What do the following texts tell us about Paul’s time in Rome? More important, what lesson can we learn from them? Acts 28:17–31.
“Not by Paul’s sermon[s], but by his bonds, was the attention of the court attracted to Christianity. It was as a captive that he broke from so many souls the bonds that held them in the slavery of sin. Nor was this all. He declared: ‘Many of the brethren in the Lord, waxing confident by my bonds, are much more bold to speak the word without fear.’ Philippians 1:14.”—Ellen G. White, The Acts of the Apostles, p. 464.
|How many times have you experienced unexpected twists in your life that, in the end, turned out for good? (See Phil. 1:12.) How can, and should, those experiences give you faith to trust God for the things where no good seems to have arisen?|
Called to Be “Saints”
Here is Paul’s salutation to the church in Rome. “To all that be in Rome, beloved of God, called to be saints: Grace to you and peace from God our Father, and the Lord Jesus Christ” (Rom. 1:7). What principles of truth, of theology, of faith, can we take away from his words here?
Beloved of God. While it is true that God loves the world, in a special sense God loves those who have chosen Him, those who have responded to His love.
We see this in the human sphere. We love in a special way those who love us; with them there is a mutual exchange of affection. Love demands response. When the response is not forthcoming, love is limited in its fullest expression.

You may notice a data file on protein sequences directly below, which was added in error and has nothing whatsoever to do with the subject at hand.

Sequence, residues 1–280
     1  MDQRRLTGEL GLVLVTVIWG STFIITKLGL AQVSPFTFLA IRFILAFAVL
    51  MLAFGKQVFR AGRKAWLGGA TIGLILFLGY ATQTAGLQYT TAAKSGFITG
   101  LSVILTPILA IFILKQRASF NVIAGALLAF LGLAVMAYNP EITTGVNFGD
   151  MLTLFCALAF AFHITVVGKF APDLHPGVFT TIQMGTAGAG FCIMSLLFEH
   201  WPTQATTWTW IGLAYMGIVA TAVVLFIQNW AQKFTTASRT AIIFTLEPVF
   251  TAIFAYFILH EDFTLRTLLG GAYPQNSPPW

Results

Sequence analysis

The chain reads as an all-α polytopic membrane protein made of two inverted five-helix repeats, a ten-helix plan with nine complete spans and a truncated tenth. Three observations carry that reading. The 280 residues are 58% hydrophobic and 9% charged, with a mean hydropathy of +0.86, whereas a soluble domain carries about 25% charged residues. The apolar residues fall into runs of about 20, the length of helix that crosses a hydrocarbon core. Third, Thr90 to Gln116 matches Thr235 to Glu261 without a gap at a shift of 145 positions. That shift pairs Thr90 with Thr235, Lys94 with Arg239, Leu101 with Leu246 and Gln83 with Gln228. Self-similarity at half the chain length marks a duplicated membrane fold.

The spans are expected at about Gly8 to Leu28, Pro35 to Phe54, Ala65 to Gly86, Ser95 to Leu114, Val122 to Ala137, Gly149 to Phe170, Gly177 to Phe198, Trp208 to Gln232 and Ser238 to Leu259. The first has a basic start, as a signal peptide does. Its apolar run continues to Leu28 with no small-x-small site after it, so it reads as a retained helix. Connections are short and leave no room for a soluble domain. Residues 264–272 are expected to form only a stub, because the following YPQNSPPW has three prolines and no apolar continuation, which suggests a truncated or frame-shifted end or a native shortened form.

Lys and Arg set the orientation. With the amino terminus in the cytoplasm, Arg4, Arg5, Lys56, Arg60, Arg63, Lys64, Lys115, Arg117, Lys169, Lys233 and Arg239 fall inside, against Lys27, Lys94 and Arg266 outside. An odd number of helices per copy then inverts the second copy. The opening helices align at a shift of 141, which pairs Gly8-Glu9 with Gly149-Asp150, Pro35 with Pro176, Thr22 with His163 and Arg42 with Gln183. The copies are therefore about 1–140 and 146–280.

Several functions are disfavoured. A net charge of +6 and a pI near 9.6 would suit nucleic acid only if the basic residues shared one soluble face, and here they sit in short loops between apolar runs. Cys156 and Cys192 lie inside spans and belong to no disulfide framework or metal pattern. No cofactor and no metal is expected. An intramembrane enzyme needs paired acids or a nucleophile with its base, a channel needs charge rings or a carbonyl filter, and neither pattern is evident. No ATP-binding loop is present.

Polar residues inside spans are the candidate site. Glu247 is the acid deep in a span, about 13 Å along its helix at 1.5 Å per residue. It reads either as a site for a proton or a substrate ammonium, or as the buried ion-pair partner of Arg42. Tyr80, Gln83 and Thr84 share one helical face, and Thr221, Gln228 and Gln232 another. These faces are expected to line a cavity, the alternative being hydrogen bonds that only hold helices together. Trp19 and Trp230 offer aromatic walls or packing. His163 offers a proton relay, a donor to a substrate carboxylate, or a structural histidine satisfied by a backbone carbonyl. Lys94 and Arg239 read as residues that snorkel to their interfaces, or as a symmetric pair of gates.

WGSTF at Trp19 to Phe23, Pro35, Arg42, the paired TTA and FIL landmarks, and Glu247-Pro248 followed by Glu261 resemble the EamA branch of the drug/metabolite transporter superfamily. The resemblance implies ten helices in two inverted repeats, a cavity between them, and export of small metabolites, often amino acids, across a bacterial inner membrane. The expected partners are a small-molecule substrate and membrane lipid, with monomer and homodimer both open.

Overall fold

Called to be saints. In some translations the phrase “to be” is in italics, which means that the translators have supplied the words. But they can be left out with the meaning intact. When they are omitted, we get the expression “called saints”; that is, “designated saints.”
Saints is the translation of the Greek hagioi, which literally means “holy ones.” Holy means “dedicated.” A saint is one who has been “set apart” by God. He or she still may have a long way to go in sanctification, but the fact that this person has chosen Christ as the Lord designates him or her as a saint in the Bible’s meaning of the term.
Paul says that they were “called to be saints.” Does this mean that some people are not called? How does Ephesians 1:4, Hebrews 2:9, and 2 Peter 3:9 help us understand what Paul means?
The great news of the gospel is that Christ’s death was universal; it was for all human beings. All have been called to be saved in Him, “called to be saints” even before the foundation of the world. God’s original intention was for all humanity to find salvation in Jesus. The final fire of hell was meant only for the devil and his angels (Matt. 25:41). That some folk don’t avail themselves of what was offered doesn’t take away from the wonder of the gift any more than someone who goes on a hunger strike in a marketplace takes away from the wonderful bounties found there.
|Think about it: Even before the foundation of the world, God called you to have salvation in Him. Why should you not allow anything, anything at all, to hold you back from heeding that call?|
“First, thank my God through Jesus Christ for you all, that your faith is spoken of throughout the whole world” (Rom. 1:8).